The calendar-life determines how long a battery may last on a shelf, unused, before becoming useless. It is temperature dependent since hotter temperatures hasten degradation. Keep in mind that this differs from activated stand life or shelf life, which is the amount of time it takes for a battery to lose some of its charge but not die.
Calendar life and cycle life are two common words used to describe battery life. A battery’s calendar-life is the period of time during which it may be kept idle or little used and still have its capacity exceed 80% of its initial value. The number of full charge-discharge cycles a battery may go through before losing 80% of its initial capacity is known as cycle life.
Cycle life and calendar-life are not mutually exclusive. The remaining calendar life is reduced as the number of battery cycles used increases, and a battery that has been stored for a long time has fewer charging cycles. Because the chemical makeup of the battery’s cell determines how long it will last.
The life of a battery is impacted by the gradual deterioration of the electrodes and electrolytes, a reduction in the amount of active material present in the battery, or a restriction on access to active material. Whether a battery is being stored or going through a charge-discharge cycle, it continues to deteriorate over time. The possible calendar-life or cycle life is determined by the rate of this degradation.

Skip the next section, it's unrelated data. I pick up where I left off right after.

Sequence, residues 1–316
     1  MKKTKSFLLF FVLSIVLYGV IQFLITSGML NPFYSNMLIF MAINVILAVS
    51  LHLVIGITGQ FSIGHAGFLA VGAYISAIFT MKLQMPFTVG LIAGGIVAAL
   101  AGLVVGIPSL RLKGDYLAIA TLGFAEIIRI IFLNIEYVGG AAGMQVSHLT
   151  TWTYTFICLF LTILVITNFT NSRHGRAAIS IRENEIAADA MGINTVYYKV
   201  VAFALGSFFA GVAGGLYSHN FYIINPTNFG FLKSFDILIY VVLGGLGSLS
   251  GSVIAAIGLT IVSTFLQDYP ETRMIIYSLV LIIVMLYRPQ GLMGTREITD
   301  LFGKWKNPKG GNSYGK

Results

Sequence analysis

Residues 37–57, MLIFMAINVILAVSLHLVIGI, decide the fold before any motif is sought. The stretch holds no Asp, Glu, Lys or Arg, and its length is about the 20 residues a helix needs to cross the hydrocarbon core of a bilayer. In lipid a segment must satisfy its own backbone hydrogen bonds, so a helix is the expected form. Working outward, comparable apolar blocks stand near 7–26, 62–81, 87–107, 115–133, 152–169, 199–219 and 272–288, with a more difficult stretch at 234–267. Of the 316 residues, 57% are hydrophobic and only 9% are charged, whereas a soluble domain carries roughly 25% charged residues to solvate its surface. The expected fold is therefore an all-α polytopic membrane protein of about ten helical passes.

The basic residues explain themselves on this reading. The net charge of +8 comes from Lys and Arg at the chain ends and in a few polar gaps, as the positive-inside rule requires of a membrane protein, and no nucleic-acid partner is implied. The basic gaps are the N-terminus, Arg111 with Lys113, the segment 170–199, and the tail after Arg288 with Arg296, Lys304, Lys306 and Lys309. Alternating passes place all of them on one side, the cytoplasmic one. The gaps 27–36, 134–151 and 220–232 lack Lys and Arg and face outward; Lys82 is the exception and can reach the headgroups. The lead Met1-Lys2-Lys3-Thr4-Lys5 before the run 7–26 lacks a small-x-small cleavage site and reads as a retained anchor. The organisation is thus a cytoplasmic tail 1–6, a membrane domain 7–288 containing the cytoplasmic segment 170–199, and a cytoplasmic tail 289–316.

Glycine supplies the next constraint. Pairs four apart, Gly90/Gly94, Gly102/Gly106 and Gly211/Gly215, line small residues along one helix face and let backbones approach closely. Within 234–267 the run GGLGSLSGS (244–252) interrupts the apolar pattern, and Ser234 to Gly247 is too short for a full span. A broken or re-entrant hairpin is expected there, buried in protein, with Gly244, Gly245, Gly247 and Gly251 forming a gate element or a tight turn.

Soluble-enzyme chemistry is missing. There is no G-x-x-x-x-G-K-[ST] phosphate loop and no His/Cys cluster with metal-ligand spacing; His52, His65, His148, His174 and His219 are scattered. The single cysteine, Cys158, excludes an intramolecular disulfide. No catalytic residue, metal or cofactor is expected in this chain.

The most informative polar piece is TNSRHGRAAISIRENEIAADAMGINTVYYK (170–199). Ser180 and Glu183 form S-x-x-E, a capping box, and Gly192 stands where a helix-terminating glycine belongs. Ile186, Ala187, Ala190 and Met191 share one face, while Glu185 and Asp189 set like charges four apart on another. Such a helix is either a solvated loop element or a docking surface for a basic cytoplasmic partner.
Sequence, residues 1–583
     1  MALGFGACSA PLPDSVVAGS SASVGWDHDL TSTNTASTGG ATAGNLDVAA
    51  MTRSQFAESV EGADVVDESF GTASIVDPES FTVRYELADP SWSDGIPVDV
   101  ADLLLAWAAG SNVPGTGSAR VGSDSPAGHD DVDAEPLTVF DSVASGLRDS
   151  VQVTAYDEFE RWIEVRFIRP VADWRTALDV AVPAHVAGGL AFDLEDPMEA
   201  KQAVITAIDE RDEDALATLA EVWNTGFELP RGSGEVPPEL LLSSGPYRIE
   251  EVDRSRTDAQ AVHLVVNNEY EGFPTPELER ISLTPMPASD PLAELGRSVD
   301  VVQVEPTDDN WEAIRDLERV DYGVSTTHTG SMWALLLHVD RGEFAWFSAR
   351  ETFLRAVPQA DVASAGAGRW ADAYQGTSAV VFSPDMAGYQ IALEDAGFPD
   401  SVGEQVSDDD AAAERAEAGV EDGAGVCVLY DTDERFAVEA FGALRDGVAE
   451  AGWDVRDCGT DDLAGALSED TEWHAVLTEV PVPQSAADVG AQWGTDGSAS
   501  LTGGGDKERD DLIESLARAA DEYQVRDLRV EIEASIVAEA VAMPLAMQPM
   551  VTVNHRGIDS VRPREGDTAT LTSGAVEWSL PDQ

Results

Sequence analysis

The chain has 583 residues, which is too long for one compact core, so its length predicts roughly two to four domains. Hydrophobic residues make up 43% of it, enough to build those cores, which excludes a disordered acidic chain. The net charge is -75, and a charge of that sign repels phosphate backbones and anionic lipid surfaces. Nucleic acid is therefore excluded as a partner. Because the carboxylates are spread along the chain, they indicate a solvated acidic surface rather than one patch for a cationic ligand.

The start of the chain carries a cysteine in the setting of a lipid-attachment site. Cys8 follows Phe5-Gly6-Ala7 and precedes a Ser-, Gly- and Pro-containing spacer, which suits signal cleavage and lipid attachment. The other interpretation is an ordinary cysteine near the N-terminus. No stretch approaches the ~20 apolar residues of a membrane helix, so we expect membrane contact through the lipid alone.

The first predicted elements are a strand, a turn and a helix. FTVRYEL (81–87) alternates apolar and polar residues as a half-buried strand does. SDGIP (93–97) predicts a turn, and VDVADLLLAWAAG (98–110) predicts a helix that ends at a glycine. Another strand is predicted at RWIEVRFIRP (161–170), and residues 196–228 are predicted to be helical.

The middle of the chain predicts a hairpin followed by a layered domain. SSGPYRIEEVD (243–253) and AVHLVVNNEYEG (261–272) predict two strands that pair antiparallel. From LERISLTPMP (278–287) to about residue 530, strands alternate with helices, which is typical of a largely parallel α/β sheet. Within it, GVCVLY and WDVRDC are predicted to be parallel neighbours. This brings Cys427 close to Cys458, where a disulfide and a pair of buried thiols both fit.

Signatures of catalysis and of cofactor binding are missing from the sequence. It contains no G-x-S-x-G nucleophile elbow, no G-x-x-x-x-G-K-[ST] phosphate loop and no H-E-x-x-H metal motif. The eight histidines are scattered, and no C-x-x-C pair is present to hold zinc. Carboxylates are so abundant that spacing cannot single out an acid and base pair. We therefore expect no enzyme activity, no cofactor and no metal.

What factors affect calendar life?
The growth of a passivation layer on the negative electrodes is the primary cause of battery calendar ageing. Film formation on the positive and negative electrodes is the primary ageing mechanism. The state of charge (SOC) at which a battery is stored has an impact on the calendar life of the battery.
The battery chemistry under consideration will determine how SOC affects calendar life. For optimum calendar life, lead acid batteries must be stored at full charge. While Nickel-based and Lithium-ion batteries must be stored at 40% of their full SOC.
The life of the calendar is also impacted by the storage temperature of the batteries. The rate of a reaction rises with temperature. This accelerates the rate of undesirable chemical reactions, which also accelerates battery deterioration. The battery’s calendar life is negatively impacted by higher temperatures.
Also Read: What is Battery Life?
What is the time comparison of calendar life and cycle life of a battery?
By determining the period of time required for a battery’s cycle life to be fully utilized, it is possible to compare cycle life and calendar life more effectively. Life should be portrayed in terms of time, just as the calendar gives life in terms of time cycles. A lithium ion battery has cycle life of about 1200 cycles, but it is rarely fully charged and discharged. It is typically charged to 90% of its maximum capacity and discharged to 10% to 15% of that capacity.